Brief introduction of limestone cement
Limestone has been utilized as a mineral addition in cement industry for a long time. The latest European Standard (EN 197-1-2000) allows up to 5% limestone as a minor additional constituent, and also identifies four types of Portland limestone cement containing 6-20% limestone (types II/A-L and II/A-LL) and 21-35% limestone (types II/B-L and II/B-LL), respectively. The ASTM Standard (C150-04) allows up to 5% of limestone filler. Since the early 1980s, the Canadian cement standard has allowed the inclusion of up to 5% limestone addition to Portland limestone cement.
Similar trend could also be found in Latin-American countries such as Argentina, Brazil, and Mexico (Menendez). According the review Cement Standards of the World (CEMBUR-EAU 1997), more than 25 countries allow the use of between 1% and 5% limestone in their Portland cement. Many countries even allow up to 35% replacement in Portland composite.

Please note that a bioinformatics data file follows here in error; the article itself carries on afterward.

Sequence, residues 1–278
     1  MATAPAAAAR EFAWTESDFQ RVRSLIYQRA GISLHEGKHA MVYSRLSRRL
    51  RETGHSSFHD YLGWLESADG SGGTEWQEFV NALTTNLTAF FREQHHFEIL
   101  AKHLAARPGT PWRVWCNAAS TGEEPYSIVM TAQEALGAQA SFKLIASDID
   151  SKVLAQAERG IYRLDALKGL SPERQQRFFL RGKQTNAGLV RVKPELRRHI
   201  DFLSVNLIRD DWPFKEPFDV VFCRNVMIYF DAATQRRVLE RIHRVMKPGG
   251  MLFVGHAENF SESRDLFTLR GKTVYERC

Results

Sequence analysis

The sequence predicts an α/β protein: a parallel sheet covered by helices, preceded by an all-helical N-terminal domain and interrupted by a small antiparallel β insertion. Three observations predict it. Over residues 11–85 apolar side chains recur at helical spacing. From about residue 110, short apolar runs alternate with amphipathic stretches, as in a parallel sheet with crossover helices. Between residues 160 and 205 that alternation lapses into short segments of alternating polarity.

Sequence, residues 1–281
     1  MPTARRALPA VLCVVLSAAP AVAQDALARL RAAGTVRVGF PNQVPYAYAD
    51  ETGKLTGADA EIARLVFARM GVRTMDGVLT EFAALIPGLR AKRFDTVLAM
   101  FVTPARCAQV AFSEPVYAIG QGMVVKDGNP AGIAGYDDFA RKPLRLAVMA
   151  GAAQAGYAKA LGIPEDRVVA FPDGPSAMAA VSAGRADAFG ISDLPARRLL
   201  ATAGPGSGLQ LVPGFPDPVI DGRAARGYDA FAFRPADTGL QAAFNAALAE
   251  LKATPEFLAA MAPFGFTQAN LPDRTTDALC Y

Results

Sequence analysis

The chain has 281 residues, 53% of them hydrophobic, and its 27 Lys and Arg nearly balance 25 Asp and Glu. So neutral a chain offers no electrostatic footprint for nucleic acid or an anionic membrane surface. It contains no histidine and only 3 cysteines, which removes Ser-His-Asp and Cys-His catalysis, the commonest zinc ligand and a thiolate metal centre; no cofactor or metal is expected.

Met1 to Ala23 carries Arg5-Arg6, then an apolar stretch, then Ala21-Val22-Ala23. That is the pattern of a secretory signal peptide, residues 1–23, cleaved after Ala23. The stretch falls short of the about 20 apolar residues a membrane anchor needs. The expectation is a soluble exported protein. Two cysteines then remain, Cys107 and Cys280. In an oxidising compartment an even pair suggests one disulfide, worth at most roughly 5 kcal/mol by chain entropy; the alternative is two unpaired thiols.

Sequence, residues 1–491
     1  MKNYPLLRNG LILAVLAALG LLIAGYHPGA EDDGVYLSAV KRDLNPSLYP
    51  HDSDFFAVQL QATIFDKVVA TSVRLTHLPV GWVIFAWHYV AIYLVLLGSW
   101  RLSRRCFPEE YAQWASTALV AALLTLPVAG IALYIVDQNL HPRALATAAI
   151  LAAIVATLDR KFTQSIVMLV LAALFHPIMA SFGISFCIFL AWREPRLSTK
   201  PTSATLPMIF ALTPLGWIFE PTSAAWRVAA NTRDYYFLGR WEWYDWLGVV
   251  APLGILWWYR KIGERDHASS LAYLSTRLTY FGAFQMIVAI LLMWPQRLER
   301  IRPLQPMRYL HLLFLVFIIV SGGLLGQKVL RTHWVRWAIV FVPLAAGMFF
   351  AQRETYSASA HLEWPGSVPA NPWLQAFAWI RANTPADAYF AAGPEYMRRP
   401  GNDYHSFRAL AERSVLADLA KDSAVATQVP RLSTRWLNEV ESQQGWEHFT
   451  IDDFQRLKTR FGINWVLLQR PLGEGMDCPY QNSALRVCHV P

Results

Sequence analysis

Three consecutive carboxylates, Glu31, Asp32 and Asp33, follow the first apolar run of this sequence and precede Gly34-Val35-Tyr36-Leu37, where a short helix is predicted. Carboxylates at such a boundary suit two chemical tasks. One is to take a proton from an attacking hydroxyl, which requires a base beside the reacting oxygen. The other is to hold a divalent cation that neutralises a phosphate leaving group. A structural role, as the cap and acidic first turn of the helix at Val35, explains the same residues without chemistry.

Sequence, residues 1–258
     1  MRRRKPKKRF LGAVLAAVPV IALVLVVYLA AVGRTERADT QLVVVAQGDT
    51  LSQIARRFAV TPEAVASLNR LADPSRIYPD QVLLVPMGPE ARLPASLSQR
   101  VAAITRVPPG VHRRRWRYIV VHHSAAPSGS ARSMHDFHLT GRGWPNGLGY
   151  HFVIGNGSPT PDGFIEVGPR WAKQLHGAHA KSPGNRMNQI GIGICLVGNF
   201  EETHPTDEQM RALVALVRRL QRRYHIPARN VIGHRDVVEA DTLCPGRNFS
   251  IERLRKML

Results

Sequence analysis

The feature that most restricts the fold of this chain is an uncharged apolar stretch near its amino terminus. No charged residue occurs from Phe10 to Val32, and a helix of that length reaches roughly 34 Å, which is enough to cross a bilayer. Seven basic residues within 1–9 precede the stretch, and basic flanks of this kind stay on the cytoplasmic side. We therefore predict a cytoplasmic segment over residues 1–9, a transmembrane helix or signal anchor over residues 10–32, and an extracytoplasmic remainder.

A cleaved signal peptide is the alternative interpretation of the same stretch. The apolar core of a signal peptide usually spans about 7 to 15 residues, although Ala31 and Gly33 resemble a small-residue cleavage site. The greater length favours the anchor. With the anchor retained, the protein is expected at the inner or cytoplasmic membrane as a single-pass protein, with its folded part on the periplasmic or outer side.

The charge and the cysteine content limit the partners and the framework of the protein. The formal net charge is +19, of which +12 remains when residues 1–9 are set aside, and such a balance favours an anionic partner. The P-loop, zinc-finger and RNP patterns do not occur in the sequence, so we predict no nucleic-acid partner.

The main composition of limestone is calcite (CaCO3), with smaller proportion of quartz or amorphous silica and sometimes of dolomite. Table above is composition analysis of several typical limestones. Though the LOI content of limestone is up to 42.5% or even more, they must be low in clay minerals and organic matter to guarantee the water demand and setting time. As for the quality requirement, according to ASTM Standard (ASTM C-150-4), the calcium carbonate (CaCO3) content calculated from the calcium oxide content should be at least 70% by mass.
Limestone is softer than cement clinkers, thus could be grind into finer particles. When it interground with clinkers, for an overall specific surface area (Blaine) of 420 m2/kg, 50% of the limestone can be below 700nm, compared with 3 µm for the corresponding clinker. Addition of finer limestone particles to clinker completes the fine fraction in the granulometric curve of cement without an increment on water demand, and improves the cement packing and blocks the capillary pores.